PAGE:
The publication of Richard Waitt's paper describing the stratigraphy of Burlingame Canyon in 1980 opened up a can of worms. In particular, a disagreement among geologists over the nature of the thin, silty layers at the tops of Missoula flood rhythmites.
"Are silty tops indicative of deposition by wind or quiet water?"
WIND OPTION -- If the silt was blown in by wind, then surfaces between floods were dry and exposed. A significant period of time must have passed between floods with windblown tops since the floodwaters had time to drain away. Thus, each rhythmite represents a single flood event.
WATER OPTION -- If the silt was deposited by settling through a column of standing water, then the landscape remained wet between flood events. If the silt is water-laid, then the argument could be made that little time passed between flood events and that some rhythmites might record surges within a single flood.
A conspicuous light-colored silt layer with distinctive vertical fractures caps a Touchet Bed rhythmite at Old Lady Canyon in the Columbia Gorge near Roosevelt, WA.
From the beginning, the problem has been that people find it difficult to a.) determine at the outcrop if silt caps are present in a given set of rhythmites, and b.) resolve the fine-scale features within a silt cap with the naked eye - especially when the tools available are a shovel and (God forbid!) a rock hammer. Seeing the fine features within a silt cap is crucial to determining whether deposition was by wind or water (subaerial vs. slackwater).
Nine silt layers cap a stack of fine-grained rhythmites at Old Lady Canyon. The repetition and similar thickness suggests that all are water-lain. There's an oxidation and mottling overprint throughout. This drainage was recently swept by some huge floods (1964?). I suspect the mottling is a recent modification, based on the height of the pre-flood alluvial fill surface.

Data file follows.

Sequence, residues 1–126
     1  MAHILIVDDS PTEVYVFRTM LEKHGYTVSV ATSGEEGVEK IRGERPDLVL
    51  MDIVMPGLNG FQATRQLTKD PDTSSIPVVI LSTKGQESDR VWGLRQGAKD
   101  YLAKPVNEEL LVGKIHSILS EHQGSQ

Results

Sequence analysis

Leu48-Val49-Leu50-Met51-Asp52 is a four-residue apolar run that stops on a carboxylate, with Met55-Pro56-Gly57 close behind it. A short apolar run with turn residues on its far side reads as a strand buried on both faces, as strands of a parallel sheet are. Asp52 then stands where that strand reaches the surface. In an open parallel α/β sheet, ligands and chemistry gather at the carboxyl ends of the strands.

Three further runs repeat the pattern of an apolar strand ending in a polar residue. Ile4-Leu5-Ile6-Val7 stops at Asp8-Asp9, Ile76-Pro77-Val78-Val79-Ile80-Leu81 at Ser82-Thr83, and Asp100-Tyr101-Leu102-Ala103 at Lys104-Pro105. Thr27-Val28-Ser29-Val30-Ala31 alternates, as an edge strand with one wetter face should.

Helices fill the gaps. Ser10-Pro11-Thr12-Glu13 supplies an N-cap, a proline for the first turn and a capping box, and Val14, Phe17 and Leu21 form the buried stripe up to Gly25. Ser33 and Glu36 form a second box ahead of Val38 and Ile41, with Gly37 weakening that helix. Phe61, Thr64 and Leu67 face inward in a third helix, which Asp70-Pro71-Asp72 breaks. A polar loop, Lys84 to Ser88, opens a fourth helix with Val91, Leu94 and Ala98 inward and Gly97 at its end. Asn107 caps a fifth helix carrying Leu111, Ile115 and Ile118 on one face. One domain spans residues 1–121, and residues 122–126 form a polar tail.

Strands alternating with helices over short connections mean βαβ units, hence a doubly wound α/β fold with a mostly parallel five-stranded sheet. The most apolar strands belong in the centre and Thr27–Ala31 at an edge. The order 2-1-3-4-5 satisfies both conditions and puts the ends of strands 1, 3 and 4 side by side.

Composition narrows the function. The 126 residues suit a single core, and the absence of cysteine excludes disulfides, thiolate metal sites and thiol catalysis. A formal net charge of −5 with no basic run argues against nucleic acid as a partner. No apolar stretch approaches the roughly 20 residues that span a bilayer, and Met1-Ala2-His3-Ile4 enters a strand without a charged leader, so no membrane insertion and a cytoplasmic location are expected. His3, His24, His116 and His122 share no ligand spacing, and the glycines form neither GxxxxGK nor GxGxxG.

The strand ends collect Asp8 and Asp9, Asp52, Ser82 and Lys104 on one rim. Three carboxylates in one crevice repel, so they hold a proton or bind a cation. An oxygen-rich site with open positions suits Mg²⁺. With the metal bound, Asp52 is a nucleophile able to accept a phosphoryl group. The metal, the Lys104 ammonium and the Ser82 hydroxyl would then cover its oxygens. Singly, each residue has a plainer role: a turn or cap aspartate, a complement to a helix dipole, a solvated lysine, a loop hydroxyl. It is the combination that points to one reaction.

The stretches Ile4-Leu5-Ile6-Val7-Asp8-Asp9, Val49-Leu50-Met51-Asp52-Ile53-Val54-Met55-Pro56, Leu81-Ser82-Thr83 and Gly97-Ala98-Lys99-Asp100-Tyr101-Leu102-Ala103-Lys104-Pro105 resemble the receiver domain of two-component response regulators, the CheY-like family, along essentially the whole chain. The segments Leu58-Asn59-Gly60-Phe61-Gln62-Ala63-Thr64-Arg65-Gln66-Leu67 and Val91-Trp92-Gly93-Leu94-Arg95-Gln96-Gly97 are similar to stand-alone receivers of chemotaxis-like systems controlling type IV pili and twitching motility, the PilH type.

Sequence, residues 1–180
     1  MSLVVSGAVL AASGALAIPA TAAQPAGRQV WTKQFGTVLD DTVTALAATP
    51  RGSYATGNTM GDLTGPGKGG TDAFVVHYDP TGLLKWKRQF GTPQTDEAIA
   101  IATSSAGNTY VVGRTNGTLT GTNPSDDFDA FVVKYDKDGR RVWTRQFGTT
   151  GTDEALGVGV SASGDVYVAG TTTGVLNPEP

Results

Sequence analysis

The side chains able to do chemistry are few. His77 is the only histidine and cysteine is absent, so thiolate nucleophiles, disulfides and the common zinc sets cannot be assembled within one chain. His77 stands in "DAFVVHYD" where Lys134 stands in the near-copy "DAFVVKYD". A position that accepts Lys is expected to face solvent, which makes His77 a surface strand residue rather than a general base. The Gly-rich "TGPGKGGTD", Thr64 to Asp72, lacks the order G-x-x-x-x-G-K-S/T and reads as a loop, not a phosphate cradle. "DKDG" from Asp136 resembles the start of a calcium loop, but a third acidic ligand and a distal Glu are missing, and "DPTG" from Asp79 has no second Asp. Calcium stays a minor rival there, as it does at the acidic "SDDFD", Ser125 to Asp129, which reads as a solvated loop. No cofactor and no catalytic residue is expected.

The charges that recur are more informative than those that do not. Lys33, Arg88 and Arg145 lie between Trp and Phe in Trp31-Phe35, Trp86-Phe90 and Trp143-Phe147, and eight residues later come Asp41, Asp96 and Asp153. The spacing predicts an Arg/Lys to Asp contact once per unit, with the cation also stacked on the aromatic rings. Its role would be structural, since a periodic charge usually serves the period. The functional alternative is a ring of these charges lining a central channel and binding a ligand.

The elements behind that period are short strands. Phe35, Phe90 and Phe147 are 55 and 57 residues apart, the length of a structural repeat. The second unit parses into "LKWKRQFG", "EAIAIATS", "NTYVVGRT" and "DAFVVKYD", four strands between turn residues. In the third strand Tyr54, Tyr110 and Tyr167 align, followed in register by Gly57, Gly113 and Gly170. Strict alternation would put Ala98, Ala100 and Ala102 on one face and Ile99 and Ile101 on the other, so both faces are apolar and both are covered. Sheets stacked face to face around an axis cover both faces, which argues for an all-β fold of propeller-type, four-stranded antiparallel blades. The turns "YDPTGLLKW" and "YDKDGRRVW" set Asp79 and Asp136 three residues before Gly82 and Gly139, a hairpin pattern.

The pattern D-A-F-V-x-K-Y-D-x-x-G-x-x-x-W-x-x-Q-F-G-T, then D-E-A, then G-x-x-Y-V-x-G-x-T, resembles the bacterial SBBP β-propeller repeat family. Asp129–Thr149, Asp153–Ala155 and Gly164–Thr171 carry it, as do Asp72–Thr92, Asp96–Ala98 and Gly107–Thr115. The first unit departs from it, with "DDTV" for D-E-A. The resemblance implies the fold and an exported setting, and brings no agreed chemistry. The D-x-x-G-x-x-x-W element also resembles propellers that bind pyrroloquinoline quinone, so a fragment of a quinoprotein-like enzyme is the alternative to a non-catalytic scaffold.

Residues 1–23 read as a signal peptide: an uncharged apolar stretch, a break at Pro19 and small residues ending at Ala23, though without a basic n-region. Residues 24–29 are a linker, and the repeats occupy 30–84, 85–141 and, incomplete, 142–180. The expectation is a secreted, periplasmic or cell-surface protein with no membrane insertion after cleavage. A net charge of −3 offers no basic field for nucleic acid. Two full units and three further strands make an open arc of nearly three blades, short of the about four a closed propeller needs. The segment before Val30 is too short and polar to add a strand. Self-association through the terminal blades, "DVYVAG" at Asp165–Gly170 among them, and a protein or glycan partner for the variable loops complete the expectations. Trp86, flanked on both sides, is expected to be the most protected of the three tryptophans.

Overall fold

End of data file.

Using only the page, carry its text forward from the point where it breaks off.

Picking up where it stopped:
In the years following Waitt's publication, numerous workers confirmed through several lines of evidence (varves, burrows, mottling, roots, charcoal, etc.) that scabland floods were separated by significant periods of time, often several decades in length. Therefore, the larger question is now settled: windblown silts are possible (if difficult to see) and water-laid silts are common. Waitt (1985) finds loess and ash caps on rhythmites at Mabton, an outcrop which is now covered.
However, consider the plight of the junior geologist put on the spot by his superiors. If asked to show evidence of wind vs. water at a given outcrop, he may find the challenge remains as thorny as ever. How to proceed?
Get one of these brushes and see what you can uncover.
After doing field work all over the Columbia Basin for the past 20 years, I am convinced very, very few geologists a.) leave the roadside, and b.) visit out-of-the-way places like this. Admittedly, fear of being shot by the landowner or being arrested in front of students is inconvenient, but these are stochastic events and, therefore, cannot be planned for. Outcrops must be visited and documented. Be bold. You will not likely return to this spot anytime soon. Field Geologists were put here to visit outcrops. I prefer to make discoveries the old fashioned way: on foot. Fencelines be damned. The key is going early in the day.